(This is about my experience of attending a hi-profile ( for me because of the presence of important ppl) consultation meeting on climate change and agro-biodiversity linkages sometime back . Part of it was written on the spot and I added the rest later. )
The room is filled with men. Men in brown, black, grey and other dull colored jackets and sweaters. In fact, I am the only one in ‘colors’, a red jacket which sets itself apart from the rest. This should please my fashion gurus whose very first advice to me after completing my thesis presentation was ‘Try colors!’ ! Apart from the ‘eye-catching’ / ‘flashy’ red because of the lack of ‘colors’ in this room, I am the only woman participant in this meeting too. There is another girl clad in brown jacket with yellow stripes on the sides but she is the organizer. And as I write this she is pushing the curtains to the sides for more light to enter into the room. She should be same age as me and I can again say that I am the youngest participant of the meeting too. No, nothing to be proud of. It’s just a fact here. You don’t find ‘young’ people in meetings like these. And even I am not here as a ‘youth’ participant here. I am just here as a representative of an organization dealing with ‘policy issues’. I am only in place of someone else who should have been here. Hmm…that reminds me, they should have invited some youth organization representative here too, though I don’t know of any ‘youth org’ per se working in issues related to agricultural biodiversity and climate change linkages. Climate change has become another ‘youth’ area of work in recent times but I am not sure if anyone has worked in its agricultural biodiversity linkage. Mentioning a para or two on it in a write-up about climate change in general is something I don’t count as work. But the organization which has organised this meeting is full of young people (yah below 29 yrs as the youth organizations here practice) in this issue so ‘youth participation’ is a non-issue.
I am sitting between two men here and the older guy just introduced himself to me. I introduced myself to him and he said “Tapainko naam kasto mitho raicha. Birsana nasakine!” ( You have a sweet name. The kind you don’t forget. ) Now, buckle up your seat belts to know who this person is. He is the Prime Minister’s advisor on environmental issues! Can you believe that? Well, at least I can’t. So, I am feeling really proud of my name and my presence here 😉 . And though I didn’t say the same about his name I know I’ll never forget it either. Actually he stands out from all the people in this room, his business suit and the Nepali cap ( Prachanda Style) was something I noticed when we were having breakfast itself. And this is the closest I have ever been to the Prime Minister of Nepal! 😀
The other guy works for an INGO and just when the program was about to begin he told me ” Ma ta pachadi janchu, yo thule bade harujasta basne thaun ho”. (I am going to sit at the back. This seems to the place where big people sit.) Well, I am not going anywhere. I don’t care if this is ‘big shot’ seat (though its not written anywhere) and I am for the time-being the ‘only’ woman participant here and why should I dissociate myself with ‘greatness’ beside me?? So, I stay here stuck to this seat.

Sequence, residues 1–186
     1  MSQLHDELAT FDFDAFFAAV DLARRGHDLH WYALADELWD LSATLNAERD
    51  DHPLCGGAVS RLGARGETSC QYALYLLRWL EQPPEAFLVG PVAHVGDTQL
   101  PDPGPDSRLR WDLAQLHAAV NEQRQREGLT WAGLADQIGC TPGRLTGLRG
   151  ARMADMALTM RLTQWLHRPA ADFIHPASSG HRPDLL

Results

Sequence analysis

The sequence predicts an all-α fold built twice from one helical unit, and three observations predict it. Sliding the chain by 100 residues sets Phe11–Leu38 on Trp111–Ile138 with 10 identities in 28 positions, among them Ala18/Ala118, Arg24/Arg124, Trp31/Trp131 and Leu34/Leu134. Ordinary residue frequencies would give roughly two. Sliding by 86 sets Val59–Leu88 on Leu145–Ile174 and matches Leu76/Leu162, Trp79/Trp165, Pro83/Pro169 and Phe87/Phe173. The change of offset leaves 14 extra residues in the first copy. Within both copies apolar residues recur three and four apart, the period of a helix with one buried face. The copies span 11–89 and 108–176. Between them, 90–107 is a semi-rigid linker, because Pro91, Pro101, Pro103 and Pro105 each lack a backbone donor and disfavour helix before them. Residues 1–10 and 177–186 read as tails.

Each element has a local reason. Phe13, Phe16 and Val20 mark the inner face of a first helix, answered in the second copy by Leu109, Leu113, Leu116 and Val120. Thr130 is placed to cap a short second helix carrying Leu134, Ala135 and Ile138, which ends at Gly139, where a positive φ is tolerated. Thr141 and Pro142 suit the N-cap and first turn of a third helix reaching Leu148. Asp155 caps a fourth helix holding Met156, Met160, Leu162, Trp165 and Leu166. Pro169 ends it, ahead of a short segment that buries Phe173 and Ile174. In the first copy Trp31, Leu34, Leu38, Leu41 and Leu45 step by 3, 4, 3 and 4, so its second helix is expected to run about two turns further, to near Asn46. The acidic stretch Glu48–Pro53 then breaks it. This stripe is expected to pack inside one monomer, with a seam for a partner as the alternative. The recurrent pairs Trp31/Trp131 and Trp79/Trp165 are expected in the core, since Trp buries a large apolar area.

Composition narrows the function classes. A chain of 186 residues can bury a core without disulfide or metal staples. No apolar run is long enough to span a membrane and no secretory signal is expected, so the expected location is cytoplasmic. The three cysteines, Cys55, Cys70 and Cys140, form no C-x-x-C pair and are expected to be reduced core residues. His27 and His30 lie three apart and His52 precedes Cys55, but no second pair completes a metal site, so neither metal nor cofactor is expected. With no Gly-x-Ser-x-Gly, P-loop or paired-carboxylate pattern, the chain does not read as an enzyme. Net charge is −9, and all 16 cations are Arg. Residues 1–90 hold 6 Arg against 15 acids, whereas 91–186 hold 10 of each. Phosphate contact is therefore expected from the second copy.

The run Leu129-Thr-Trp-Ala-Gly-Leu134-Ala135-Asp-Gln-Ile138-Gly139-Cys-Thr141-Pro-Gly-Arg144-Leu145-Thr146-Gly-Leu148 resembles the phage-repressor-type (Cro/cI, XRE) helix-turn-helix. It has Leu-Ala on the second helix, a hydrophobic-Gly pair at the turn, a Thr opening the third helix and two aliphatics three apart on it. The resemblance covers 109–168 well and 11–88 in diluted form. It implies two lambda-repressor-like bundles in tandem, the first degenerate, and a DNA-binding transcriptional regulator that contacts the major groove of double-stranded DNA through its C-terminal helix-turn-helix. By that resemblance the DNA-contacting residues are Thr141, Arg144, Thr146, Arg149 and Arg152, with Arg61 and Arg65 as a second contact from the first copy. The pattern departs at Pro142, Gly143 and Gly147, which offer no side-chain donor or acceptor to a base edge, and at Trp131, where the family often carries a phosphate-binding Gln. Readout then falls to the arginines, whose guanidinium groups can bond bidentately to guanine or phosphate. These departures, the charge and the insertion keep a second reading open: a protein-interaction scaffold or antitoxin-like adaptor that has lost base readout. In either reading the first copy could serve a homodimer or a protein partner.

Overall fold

The program has begun and the first presentation has come to an end. Now, I see two women partipants who arrived only moments ago here. And one of them just asked a question on why the presentation lacked any ‘adaptation’ issues in addition to ‘mitigation’. The PM’s advisor stated that the presentator had already done so before she arrived (in the discussion session). I won’t pride in such remarks, though coming from one among the only three woman participants among a crowd of 30-40 people. I mean you come late and then comment on the presentation looking at the last slide only? More of such advisor’s kind are required in these ‘consultation’ meetings and I mean it. Someone has to put people back in place. And as he is the government person, everyone seems to be directing their remarks towards him. He did a wonderful job of clarifying the situation too. To me, it seems like the PM really has an excellent group of experts advising him! Then that leaves me wondering what is the problem with our ‘government’ then? Everyone seems to be hypothetically stating that Nepal lacks ‘capable’ people. Ha! Pessimists. We have excellent people; it’s just that they don’t make news!!
Due to the time limit everyone was asked to write their suggestions. And while doing so, or during the entire meeting itself I was thanking my ‘development studies’ background for everything. Whatever shortcomings the course had, one thing it has given me is the ability to comprehend any new issue and see quickly establish linkages with other aspects of development. The benefit is, I could be bored but I am never lost. Of course, I am supposed to know more of agro-biodiversity because of my line of work but many of the things in the meeting were new to me too. Still, I wasn’t lost. I could have inquired something about the linkages of the Action Plan with the ABS system in IT given the changed climatic conditions (it was a late thought). No worries though, there is always a next time to learn and improve by inquiry!